Once upon a time – actually, just the other day – a good friend of mine triumphantly announced that he’d finally landed the job of his dreams, working for one of the area’s preeminent package stores.
I was happy to hear it. There’s a soft spot in this drinker’s heart for those local heroes manning the counters in places that sell liquid groceries. A package store is where I got my start, back when Samuel Smith, Chimay and Spaten were the top choices, and Dogfish Head was merely a gleam in Sam Calagione’s skateboarding eye.
Today’s wide world of beer offers a bewildering number of options for consumers, and although my newly hired acquaintance has enjoyed his fair share of Progressive Pints, it took only a few hours on the clock for him to realize that the store’s clientele is highly knowledgeable, and with such a large selection of beer on hand, he’d have to do some boning up on beer … and quickly.
(As an aside: Isn’t it a delightful sign of how the Louisville metro area has upped its good beer game when folks in the business must up theirs, too, just to remain level with the tide?)
His question to me was, “Where to begin?”
It would be easy enough to compare the acquisition of beer knowledge to the old gag about directions.
Q: “How do you get to Carnegie Hall?”
A: “Practice, practice, practice.”
True, but if it ended there, I’d have no column to write, so let’s dig a bit deeper.
Many readers know of my periodic gigs teaching a non-credit beer appreciation class for IU Southeast, and as such, you’d imagine I would be able to produce a detailed syllabus to provide an outline of beer facts, but alas, no. My pedantic approach to lecturing involves oral history, streams of consciousness and drunken rants, in descending order of coherence.
If pressed, here’s my paragraph-length overview:
“In terms of human history, brewing goes back as far as religion and prostitution, and perhaps it even precedes agriculture, and yet most of what beer drinkers today need to know about beer inhabits a direct line to the European brewing heritage. Beverages fermented from cereal grain all are thought of as beer, but there are differences between ales and lagers, both in terms of brewing methodology and flavor characteristics. A basic working knowledge of beer styles and their general characteristics is quite useful in making sense of the whole epic story, and in this context, it isn’t a stretch to suggest that American-inspired craft brewing is to European brewing tradition what improvisational jazz is to formal musical composition.”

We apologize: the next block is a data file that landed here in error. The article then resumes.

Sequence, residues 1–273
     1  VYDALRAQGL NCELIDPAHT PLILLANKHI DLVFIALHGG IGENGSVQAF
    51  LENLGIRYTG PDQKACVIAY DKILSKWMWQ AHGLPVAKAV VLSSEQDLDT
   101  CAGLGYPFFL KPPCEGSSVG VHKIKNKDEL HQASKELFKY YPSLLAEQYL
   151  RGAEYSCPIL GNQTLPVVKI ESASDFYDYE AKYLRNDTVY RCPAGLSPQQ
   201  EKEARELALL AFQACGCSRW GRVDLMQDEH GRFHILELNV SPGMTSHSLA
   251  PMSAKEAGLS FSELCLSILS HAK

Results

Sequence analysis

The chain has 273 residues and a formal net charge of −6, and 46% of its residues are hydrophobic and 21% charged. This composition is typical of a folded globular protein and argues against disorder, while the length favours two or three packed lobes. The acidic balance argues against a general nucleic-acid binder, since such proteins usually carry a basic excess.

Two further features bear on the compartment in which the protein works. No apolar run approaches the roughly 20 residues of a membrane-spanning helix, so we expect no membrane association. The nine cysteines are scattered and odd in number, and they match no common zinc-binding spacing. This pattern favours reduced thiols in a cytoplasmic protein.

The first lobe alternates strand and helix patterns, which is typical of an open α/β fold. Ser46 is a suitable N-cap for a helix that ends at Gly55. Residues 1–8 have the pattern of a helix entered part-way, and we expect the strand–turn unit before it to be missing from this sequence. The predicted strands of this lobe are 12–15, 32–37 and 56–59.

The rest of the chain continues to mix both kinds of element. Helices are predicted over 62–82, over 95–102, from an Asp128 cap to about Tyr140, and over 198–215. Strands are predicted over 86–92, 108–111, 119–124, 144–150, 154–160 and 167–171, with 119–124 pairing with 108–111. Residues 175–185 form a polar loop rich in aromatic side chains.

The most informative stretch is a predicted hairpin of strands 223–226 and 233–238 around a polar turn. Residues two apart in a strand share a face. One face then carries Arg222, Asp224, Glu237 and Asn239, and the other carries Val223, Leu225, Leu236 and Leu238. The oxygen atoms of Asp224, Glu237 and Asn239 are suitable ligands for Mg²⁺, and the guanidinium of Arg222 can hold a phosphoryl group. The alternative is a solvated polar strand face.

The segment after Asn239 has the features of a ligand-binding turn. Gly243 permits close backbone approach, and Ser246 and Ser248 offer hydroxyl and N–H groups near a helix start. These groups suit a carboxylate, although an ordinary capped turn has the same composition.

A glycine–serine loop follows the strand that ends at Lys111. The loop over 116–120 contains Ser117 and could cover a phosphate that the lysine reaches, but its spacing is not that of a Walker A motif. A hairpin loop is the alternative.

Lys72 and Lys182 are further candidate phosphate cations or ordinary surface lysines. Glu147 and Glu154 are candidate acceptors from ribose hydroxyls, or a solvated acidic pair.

To begin filling in the blanks, here are some learning aids:
The Cicerone Certification Program exists to train a bold new class of beer sommeliers, and produces a syllabus, which I view as a handy outline to the essentials of beer. It can be viewed, downloaded and printed at www.cicerone.org
There are dozens of candidates, but one should begin with the acknowledged master, the late, great Englishman, Michael Jackson. His prose remains a pleasure to read, which makes learning almost effortless. If you can find a copy of “Michael Jackson’s Beer Companion: The World’s Great Beer Styles, Gastronomy, and Traditions,” get it. Some information will be dated, but remember that the idea is to get a firm grip on the rules as inherited from the European tradition.
Pioneering beer writers like Jackson sought to create a commonly accepted “Esperanto” language of beer style from numerous historical sources, as well as objective considerations of contemporary brewing reality. Even so, no two stylistic compendiums (Beer Advocate, RateBeer, World Beer Championships) are in complete agreement, and there is much elasticity to these and other organizational constructs.
It’s my personal belief that the Beer Judge Certification Program (BJCP) is the best place to begin one’s journey toward understanding beer styles, precisely because the BJCP tends to move conservatively and judiciously, resisting faddishness and whim as it constantly reviews and revises BJCP style guidelines. Visit www.bjcp.org – and there’s an app for your smart phone, too.
Admittedly, I’m a bit of a classicist; learn the rules first, and then break them at will. True off-the-chart innovators in any field of human endeavor come 12 to a 1,000, and the rest of us only have our moments. That’s why my recommendation is for beer novices to avoid web sites that cater to the loud, active and vocal fringe of beer appreciation, such as Beer Advocate, RateBeer and others, which derive beer ratings and scores based on consumer choice. Carefully note that I have no intrinsic objection to consumer choice. It’s just that these sites are skewed toward self-assigned user proficiency levels, and to put it as mildly, these levels are extremely variable.
Rather than pontificate on the topic of web sites, of which there are thousands, I’ll merely list a half-dozen I frequent.
Follow the curmudgeon’s example
For the past twenty-odd years, my drinking weeks have combined to produce a wide-ranging, moveable feast of beer education. My common denominator is thinking, not just drinking. It can be yours, too.
Roger A. Baylor
New Albanian Brewing Company